ACC Expansion

The Syracuse Orange and the Pittsburgh Panthers are officially joining the Atlantic Coast Conference. This will likely be the first of multiple moves in the big six conferences of Division I sports. The decision by ‘Cuse and Pitt to leave the Big East and join the ACC has many implications, both positive and negative, on not only the ACC itself but also the Big East and even the Big XII conference.

Graphic by Josh Strickland/Old Gold & Black

The ACC will be looking at an elevated reputation in its sports, in addition to a very likely increase in revenue. Atlanta, Miami and Charlotte can be considered as the center cities of the ACC, as well as the small city of Greensboro, N.C., where the ACC men’s basketball tournament was held this past season.

With the acquisition of Syracuse and Pittsburgh, the conference could be looking north and thinking big for their nucleus for sports.

“I don’t think there’s any question that taking a look at New York and Madison Square Garden would be very appealing for Atlantic Coast Conference basketball fans -— and even more so now with even more teams in closer proximity,” ACC commissioner John Swofford said shortly after the move was made official.

“With that being the media center of the world, so to speak, we’d probably be remiss if we didn’t think of it in those terms.”

ACC men’s basketball will benefit tremendously. Both Syracuse and Pitt are powerhouse basketball programs, as Pitt has advanced to the NCAA Basketball Tournament in each of the past 10 seasons and the Orange have in seven of the past 10.

This move will likely end the ongoing debate about which conference, Big East or ACC, is the strongest in terms of men’s basketball, also because there are talks of UConn, the 2011 National Champion, and Rutgers following the Orange and the Panthers to the ACC.

“We’re very comfortable with this 14,” Swofford said. “The only thing I would add to that is we are not philosophically opposed to 16. But for now we’re very pleased with this 14. We think it’s an excellent group.”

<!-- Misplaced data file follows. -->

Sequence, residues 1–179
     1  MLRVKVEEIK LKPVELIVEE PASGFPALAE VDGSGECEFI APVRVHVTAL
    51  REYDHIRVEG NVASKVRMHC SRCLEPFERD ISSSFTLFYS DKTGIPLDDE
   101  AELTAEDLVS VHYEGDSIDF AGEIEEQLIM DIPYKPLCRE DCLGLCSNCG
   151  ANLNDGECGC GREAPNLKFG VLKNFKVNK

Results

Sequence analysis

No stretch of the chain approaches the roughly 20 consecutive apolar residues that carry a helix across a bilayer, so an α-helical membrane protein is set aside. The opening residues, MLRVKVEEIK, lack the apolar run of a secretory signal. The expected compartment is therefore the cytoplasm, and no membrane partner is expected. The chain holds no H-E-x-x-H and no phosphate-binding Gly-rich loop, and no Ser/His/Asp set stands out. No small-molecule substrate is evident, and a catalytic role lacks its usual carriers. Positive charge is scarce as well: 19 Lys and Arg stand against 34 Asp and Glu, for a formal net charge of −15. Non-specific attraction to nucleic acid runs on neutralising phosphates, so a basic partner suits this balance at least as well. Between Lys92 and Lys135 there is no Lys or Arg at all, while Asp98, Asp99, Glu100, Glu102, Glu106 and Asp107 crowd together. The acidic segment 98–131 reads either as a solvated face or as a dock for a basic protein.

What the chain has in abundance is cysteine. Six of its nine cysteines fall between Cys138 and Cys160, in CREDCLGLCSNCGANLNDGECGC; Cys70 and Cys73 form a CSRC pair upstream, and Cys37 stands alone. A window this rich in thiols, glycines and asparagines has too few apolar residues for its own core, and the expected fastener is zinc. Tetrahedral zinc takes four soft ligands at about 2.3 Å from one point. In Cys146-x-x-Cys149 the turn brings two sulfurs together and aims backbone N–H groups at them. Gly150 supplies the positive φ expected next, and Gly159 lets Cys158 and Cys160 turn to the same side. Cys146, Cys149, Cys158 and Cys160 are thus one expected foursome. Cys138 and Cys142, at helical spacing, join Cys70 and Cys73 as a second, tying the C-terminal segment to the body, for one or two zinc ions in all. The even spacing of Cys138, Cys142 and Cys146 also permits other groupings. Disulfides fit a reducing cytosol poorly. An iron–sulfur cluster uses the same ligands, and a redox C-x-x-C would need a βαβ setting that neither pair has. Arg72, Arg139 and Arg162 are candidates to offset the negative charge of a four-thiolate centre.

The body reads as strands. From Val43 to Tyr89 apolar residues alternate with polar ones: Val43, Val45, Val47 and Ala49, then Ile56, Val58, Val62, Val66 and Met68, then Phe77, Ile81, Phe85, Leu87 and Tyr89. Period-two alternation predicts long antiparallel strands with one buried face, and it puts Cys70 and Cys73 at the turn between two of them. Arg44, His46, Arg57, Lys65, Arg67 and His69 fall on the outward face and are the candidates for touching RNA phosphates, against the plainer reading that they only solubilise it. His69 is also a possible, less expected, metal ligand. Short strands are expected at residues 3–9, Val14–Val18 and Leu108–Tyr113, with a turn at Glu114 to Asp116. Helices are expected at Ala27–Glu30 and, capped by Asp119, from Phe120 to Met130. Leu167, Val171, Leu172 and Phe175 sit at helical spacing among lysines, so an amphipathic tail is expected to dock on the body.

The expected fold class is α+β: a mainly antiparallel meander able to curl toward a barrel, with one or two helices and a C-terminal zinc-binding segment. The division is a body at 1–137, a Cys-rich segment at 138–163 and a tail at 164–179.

What does this mean for our Deacs? Well, after having a nightmarish offseason (losing sophomores J.T. Terrell and Melvin Tabb and the suspension of senior center Ty Walker), it certainly doesn’t help having to add Syracuse and Pitt to our schedule in a few years. However, by the time this move actually takes effect (at this time there is no set date), the Wake Forest basketball program will hopefully be rebuilt and able to compete with these two squads. Despite suffering a heartbreaking loss to Syracuse a few weeks ago, the Demon Deacon football team will likely benefit from this. Depending on how the divisions of the ACC will line up when this move takes effect, and depending on who else, if anyone, joins the ACC, Wake might play Syracuse or Pitt instead of, say, Florida State or Virginia Tech in a given season. ‘Cuse and Pitt are solid football programs, yes, but are far from elite.

Ultimately, this move could indirectly be the difference between a 5-7 season for the Deacs, such as the one the team had in 2009, and a 6-6 season with a bowl appearance.

Due to the fact that both Pitt and ‘Cuse are a good distance away from Winston-Salem (398 and 648 miles, respectively), travel costs for all teams will increase a significant amount. Depending on a divisional reform within the ACC, the Deacs could possibly end up having to travel north to one, or both, of these schools each year.

It seems that increased travel costs would be the only concern for our women’s soccer team. Neither Syracuse nor Pitt have strong women’s soccer teams, so our defending ACC champs should have no problem handling these squads in coming years. The same goes for the Demon Deacon men’s soccer team.

Syracuse field hockey, however, currently finds itself ranked fifth in the nation. In women’s basketball, Pittsburgh is coming off a losing season but has found some success in recent years, unlike the Orange.

With Syracuse and Pittsburgh leaving, the Big East conference takes a hit for sure. Even with TCU joining the conference in 2012 and rumors of adding Villanova for football within the next few years, the conference is in trouble.

The Big XII finds themselves in a similar situation, as both Colorado and Nebraska left the conference prior to the 2011 football season, and Texas A&M was recently accepted into the SEC. There are many talks indicating that Texas and Oklahoma could be on the move next, likely to the Pac-12, but the ACC has also expressed interest in Texas.

Due to the trouble these conferences find themselves in, the Big XII and the Big East have begun discussing a possible merger.

It seems that Pitt and Syracuse transferring to the ACC, as well as Texas A&M to the SEC, have started a chain reaction that could eventually result in a total reform of the BCS conferences.

The immediate effect, however, is the strengthening of the ACC as a whole and the weakening of the Big East.

Logistically, Big East bylaws will require ‘Cuse and Pitt to pay a $5 million exit fee and give 27 months notice before leaving. However, the latter aspect may be modified to ensure an earlier entry into the ACC.


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